1. Since the introduction of annual defence equipment
debates in 1998, we and our predecessors have undertaken annual
inquiries to inform those debates. This is the sixth report in
that series, and is aimed at informing the next debate which we
expect to be held in the autumn. We have taken as our starting
point a survey of fifteen major procurement projects whose progress
we have monitored. Our aim in each inquiry has been to examine
and report on a selection of the more significant of them, as
particular programmes come to key points in their progress.
2. Last year we examined the Nimrod MRA4 maritime
patrol and anti-submarine/anti-ship attack aircraft, and the Astute
attack submarine programmes which had both experienced substantial
problems. The contracts for both these major projects had to be
re-negotiated because of difficulties stemming from poorly managed
risk. We also examined the Future Carrier, Watchkeeper and Future
Rapid Effect System programmes.
3. We have continued with our procurement monitoring
exercise this year. In selecting our projects for tracking, we
have retained many on our list from previous years. Our starting
point, as with our previous inquiries, was to request a detailed
memorandum covering these projects from the Ministry of Defence
(MoD), which we publish with this report,
covering the following programmes:
- A400M military transport aircraft
- Advanced Short-Range Air-to-Air Missile
- Light Forces Anti-Tank Guided Weapon System
- Apache WAH 64 Attack Helicopter
- Type 45 Anti-Air Warfare Destroyer and its Principal
Anti-Air Missile System
- 'Meteor' beyond visual range air-to-air missile
- Astute submarine
- Nimrod Maritime Reconnaissance and Attack Aircraft
- 'Bowman' communications system
- Typhoon (formerly Eurofighter)
- 'Watchkeeper' Unmanned Air Vehicles
- Future Joint Combat Aircraft (Joint Strike Fighter)
- Future Strategic Tanker Aircraft
- Future Rapid Effect System
- Future Carrier
4. Since the publication of last year's procurement
report, there have been key developments on a number of the projects
on our tracker list.
- the signature for the Development
and Production contract for the A400M military transport aircraft.
- the start of manufacture on HMS Daring, the First
of Class Type 45 destroyer.
- the signature of the amended contracts reflecting
the Agreements between MoD and BAE SYSTEMS on Astute and Nimrod.
- the achievement of the Bowman in-service date
ahead of schedule in March 2004.
- the delivery of the first Eurofighter Typhoon
and acceptance by the RAF.
- the selection of the AirTanker consortium as
the preferred bidder for the Future Strategic Tanker Aircraft.
- the approval for the Future Rapid Effect System
to go forward to the Assessment Phase.
5. In this year's inquiry, we have once again examined
the progress of the Astute, Nimrod, Future Carrier, Future Rapid
Effect System and Watchkeeper programmes. We also examined the
progress on two fighter aircraft programmesJoint Strike
Fighter and Eurofighter/Typhoon.
6. Last year, in addition to specific equipment
programmes, we examined the Defence Industrial Policy,
a paper produced jointly by the MoD and the Department of
Trade and Industry (DTI) in October 2002. We also took evidence
from the then newly appointed Chief of Defence Procurement, Sir
Peter Spencer and were impressed with his determination to make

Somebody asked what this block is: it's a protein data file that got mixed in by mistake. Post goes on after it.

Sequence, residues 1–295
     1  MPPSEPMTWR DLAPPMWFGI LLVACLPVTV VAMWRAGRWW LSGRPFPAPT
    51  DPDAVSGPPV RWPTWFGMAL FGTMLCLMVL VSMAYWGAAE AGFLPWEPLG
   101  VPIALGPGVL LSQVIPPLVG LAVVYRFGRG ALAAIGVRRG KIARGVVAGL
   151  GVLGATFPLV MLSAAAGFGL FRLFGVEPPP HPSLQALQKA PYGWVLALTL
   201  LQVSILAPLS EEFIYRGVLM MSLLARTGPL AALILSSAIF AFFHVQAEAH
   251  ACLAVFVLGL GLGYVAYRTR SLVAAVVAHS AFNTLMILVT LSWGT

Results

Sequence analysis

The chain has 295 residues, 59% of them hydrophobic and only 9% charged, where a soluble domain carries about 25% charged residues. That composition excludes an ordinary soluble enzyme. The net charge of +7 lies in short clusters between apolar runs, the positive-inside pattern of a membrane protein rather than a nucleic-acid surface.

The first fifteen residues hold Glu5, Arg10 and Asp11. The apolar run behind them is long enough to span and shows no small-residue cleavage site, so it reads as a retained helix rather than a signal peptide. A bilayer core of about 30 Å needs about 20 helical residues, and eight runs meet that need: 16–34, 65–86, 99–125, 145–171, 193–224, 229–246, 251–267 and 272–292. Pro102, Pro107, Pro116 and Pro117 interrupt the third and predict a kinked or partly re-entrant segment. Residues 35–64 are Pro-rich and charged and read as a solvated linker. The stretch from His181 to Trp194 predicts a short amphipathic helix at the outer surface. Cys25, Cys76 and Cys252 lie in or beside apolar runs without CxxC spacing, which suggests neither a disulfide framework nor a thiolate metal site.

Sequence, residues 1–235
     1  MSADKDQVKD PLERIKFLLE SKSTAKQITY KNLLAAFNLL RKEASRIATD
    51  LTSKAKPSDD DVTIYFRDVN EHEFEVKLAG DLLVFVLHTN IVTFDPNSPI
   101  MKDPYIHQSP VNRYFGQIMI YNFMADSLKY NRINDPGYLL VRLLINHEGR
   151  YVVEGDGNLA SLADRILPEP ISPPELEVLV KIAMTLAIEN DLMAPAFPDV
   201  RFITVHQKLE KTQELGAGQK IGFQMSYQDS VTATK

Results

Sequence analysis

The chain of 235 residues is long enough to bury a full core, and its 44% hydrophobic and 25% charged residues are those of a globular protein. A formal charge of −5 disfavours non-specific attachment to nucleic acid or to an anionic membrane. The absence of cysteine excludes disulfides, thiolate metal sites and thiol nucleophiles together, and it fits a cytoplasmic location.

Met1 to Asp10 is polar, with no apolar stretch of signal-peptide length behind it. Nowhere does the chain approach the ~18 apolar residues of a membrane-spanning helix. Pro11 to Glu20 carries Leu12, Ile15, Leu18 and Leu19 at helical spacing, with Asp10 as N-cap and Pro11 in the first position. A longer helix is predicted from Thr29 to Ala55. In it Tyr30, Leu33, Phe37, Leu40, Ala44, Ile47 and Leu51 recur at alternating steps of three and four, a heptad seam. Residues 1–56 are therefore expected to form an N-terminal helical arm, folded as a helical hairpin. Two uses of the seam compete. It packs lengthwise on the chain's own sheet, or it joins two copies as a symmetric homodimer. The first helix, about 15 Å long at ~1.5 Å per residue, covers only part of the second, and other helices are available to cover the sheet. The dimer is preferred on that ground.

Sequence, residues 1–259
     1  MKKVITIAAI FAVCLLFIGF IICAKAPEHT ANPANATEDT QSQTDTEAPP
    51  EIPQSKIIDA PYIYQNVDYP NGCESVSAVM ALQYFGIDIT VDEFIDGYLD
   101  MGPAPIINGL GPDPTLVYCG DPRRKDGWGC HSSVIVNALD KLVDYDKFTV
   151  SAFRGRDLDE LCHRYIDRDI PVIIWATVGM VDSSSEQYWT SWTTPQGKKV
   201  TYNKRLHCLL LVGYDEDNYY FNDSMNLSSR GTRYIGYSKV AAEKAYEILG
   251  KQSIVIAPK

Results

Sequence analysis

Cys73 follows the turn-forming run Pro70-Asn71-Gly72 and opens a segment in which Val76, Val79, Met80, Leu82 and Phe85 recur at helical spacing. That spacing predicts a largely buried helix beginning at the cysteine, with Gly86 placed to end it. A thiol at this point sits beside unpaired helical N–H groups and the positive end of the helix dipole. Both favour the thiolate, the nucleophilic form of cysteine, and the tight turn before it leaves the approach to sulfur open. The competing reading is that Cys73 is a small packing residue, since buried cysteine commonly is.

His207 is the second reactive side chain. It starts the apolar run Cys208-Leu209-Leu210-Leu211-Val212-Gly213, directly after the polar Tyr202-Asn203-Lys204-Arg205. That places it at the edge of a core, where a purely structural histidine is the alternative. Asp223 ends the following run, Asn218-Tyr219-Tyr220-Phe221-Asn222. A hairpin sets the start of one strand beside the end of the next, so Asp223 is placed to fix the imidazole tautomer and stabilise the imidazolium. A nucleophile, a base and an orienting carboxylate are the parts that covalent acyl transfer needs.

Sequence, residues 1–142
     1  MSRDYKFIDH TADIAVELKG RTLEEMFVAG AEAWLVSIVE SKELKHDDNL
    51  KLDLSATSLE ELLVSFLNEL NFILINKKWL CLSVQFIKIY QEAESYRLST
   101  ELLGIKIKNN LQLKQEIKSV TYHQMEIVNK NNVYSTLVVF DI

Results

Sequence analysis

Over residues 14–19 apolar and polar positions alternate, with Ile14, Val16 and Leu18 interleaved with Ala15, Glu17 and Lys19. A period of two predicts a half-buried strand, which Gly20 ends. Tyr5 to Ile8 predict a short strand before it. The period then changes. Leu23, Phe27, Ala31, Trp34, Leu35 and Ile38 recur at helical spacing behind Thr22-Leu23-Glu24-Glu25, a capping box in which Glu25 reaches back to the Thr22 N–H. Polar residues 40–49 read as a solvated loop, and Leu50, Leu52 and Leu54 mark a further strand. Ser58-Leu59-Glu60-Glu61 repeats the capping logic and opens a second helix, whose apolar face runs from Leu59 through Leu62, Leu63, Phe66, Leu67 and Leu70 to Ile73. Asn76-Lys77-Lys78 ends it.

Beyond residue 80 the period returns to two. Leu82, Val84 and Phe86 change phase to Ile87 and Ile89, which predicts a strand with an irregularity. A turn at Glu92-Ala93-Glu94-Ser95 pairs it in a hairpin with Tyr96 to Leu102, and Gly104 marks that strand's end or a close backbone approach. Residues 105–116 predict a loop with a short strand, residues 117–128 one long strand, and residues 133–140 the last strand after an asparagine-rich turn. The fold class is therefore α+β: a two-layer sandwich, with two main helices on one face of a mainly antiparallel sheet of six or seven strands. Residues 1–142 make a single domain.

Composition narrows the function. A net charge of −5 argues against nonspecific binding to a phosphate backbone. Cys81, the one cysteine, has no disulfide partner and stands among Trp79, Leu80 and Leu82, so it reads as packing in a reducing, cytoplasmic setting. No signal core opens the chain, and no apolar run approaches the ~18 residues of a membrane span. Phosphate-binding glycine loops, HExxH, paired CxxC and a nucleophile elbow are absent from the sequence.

Smart Acquisition, launched as part of the Strategic Defence Review
in 1998, truly agile and responsive to equipment customer needs.
He appeared to share our view that Smart Acquisition needed to
be periodically refreshed. This year we decided to revisit both
of these key areas. We were particularly interested to examine
the proposals for refreshing Smart Acquisition which are set out
in the Defence Procurement Agency's 'A Stocktake of Smart Acquisition
in the DPAThe agreed way forward',
which Sir Peter forwarded to us in January 2004. With regard
to the Defence Industrial Policy, we were keen to examine
the progress made in implementing the Policy, since its launch
some 20 months ago.
7. In undertaking our inquiry, we took oral evidence
from representatives of the Defence Industries Council (Sir Richard
Evans and Mr Nick Prest, Chairman and Vice-Chairman of the Council
with Mr John Howe, Vice-Chairman of Thales UK, and Mr Simon Frost,
Chief Executive Officer of Claverham). We also took evidence from
Sir Peter Spencer, Chief of Defence Procurement, and Lord Bach,
Minister for Defence Procurement (who was accompanied by Sir Peter
Spencer and Lt General Rob Fulton, Deputy Chief of Defence Staff
(Equipment Capability)heads of the MoD's 'supplier' and
'equipment customer' organisations respectively).
8. We received written evidence from a number of
organisations in the defence sector including MoD,
the Defence Industries Council,
the Defence Manufacturers Association,
Defence Industries Ltd,
the Defence Engineering Group,
and the VT Group.
We are grateful to all those who contributed to our inquiry. We
were assisted in our inquiry by our specialist advisers Mr Paul
Beaver, Professor Michael Clarke, Rear Admiral Richard Cobbold,
Professor David Kirkpatrick, Air Vice Marshal Professor Tony Mason
and Brigadier Austin Thorp. We are also grateful to them.
1 Defence Committee, Eighth Report of Session 2002-03,
Defence Procurement, HC 694 Back
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Ev 80 Back
Policy Paper 5: Defence Industrial Policy, Ministry of Defence,
14 October 2002. Back
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Sir Richard Evans is also Chairman of BAE Systems, and Mr Prest
is also Chairman and Chief Executive of Alvis. Back
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